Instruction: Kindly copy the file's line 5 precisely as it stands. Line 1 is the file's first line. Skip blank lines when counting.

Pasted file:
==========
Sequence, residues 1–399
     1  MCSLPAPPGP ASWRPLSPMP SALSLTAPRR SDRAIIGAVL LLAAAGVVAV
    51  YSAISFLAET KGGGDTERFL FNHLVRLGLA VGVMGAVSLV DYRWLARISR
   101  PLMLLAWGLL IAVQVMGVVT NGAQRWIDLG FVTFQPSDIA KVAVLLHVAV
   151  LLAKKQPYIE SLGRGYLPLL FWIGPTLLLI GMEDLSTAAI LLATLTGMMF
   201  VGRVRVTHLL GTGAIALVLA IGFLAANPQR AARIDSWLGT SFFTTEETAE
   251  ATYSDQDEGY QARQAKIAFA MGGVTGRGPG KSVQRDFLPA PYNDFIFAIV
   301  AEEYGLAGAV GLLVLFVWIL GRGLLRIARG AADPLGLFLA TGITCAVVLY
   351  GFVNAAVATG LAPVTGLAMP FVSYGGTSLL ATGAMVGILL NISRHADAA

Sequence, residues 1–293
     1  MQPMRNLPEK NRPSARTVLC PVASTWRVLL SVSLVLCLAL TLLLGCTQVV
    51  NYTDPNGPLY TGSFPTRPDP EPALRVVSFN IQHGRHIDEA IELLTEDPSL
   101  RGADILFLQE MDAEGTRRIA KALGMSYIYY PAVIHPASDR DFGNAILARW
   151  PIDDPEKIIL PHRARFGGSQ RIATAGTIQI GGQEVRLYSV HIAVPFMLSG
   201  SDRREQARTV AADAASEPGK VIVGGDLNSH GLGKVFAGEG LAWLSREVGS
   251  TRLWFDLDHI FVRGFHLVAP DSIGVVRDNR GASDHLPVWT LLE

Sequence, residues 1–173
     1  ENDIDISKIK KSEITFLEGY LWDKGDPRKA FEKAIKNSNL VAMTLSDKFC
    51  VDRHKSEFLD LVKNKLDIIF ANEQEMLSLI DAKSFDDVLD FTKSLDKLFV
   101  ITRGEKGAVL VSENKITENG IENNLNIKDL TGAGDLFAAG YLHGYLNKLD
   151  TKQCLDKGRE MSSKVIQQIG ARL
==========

   151  LLAKKQPYIE SLGRGYLPLL FWIGPTLLLI GMEDLSTAAI LLATLTGMMF